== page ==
Classic gluten free pumpkin bread, made simply with just the right spices in one bowl. A moist, tender celebration of fall!
The brilliant color of the loaf comes from the pumpkin (of course), and the pumpkin pie spice. That’s just a simple, fall-like blend of cinnamon, ginger, allspice, cloves and nutmeg.
This pumpkin bread recipe is only lightly sweet, and very satisfying. The spices make it smell like fall, and the pumpkin butter make for the perfect rich, fall taste and tender texture.
Serve it for breakfast, instead of those fake pumpkin “flavored” cereals in the grocery store. I don’t even want to know what is in those!
What’s the batter like for this quick bread?
Even though the word “bread” is in the name of the recipe, this is a quick bread, not a sandwich bread. A quick bread is like a muffin or cake, but baked in a loaf pan.
It tends to be less sweet than a full-blown cake, which is what makes it more like a muffin. But the crumb is cake-like.
I don’t want to over-explain things that might seem obvious. But then I get a comment on a quick bread saying that someone was “very disappointed” in the recipe and their inability to make a sandwich on it…
The batter for this pumpkin bread is really very thick. It should be smooth and uniform in color before you transfer it to the loaf pan and bake it, but that can be a bit challenging since it’s so thick.
If you have a stand mixer, that’s the easiest way to get a uniform batter. Just use the paddle attachment and beat just until smooth.
I usually start out thinking I’ll be able to mix the batter with a spoon, get a bit frustrated and take out the hand mixer. The batter tends to climb up the beaters, but it’s easy to scrape off. And by that point, you’re really don’t mixing.
Dusting the top with cinnamon sugar is a good idea
Dusting the top of the bread with cinnamon sugar before baking adds some extra sweetness to a bread that doesn’t begin with a ton of sugar. Plus, it creates a thin, crackly layer that adds visual and textural interest.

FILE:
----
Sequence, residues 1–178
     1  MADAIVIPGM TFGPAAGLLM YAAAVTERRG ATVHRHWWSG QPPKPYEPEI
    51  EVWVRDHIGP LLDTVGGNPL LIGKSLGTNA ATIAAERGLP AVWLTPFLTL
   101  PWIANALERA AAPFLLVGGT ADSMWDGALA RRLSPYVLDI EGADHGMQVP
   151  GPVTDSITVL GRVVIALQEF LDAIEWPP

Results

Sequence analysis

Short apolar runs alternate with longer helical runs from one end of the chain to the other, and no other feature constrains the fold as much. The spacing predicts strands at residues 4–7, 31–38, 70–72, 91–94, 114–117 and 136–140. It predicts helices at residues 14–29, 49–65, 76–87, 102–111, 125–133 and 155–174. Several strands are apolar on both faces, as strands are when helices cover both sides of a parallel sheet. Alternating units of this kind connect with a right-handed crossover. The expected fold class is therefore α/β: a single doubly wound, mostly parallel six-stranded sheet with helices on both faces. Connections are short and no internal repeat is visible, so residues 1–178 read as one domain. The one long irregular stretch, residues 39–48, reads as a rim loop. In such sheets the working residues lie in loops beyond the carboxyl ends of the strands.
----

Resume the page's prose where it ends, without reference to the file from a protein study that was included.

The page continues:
I do have a recipe for gluten free cinnamon swirl pumpkin bread, too. That’s a much dressier version of this pumpkin loaf.
Adding a simple dusting of cinnamon sugar on this simpler recipe is an even simpler way to add texture, fragrance, and flavor. As a testament to how optional the topping is, though, I’ve made this recipe every year since 2013 without the dusting. But I doubt I’ll go back!
Ingredients and substitutions
Replacing the dairy in this recipe means replacing the butter and the buttermilk. In place of butter, I recommend using vegan butter, and my favorite brands are Melt and Miyoko’s Kitchen.
If you can’t find one of those, or you can’t have coconut (both of those brands of vegan butter are coconut oil-based), maybe try one of the newer Country Crock brand “plant butter” sticks. They have one derived from avocado oil and one from olive oil. I haven’t tried them myself, though, so please report back if you do try them!
There are two eggs in this recipe. You can try replacing each of them with one “chia egg” (1 tablespoon ground white chia seeds + 1 tablespoon lukewarm water, mixed and allowed to gel).
If you can’t have corn, try using arrowroot. Even potato starch should work fine.
“Pumpkin butter” isn’t a nut butter. It’s a reduced, spiced, and sweetened version of pumpkin puree. You can buy it during the fall and winter seasons (I like Trader Joe’s brand), or make your own homemade pumpkin butter with my recipe (<—-linked).
Since it’s been cooked down, it has more pumpkin flavor than pumpkin puree—which you’ll find has little pumpkin flavor. Plus, it has much less liquid. You cannot use pumpkin puree in its place in this recipe, or any other that calls for pumpkin butter.
I make a big batch toward the beginning of the fall season, and bake from it for weeks if not months. When I see it on the shelves, I also buy a couple jars. Remember, though, I’m doing a lot of recipe testing, so I need a lot ingredients so I can fail fail fail and live to try again another day!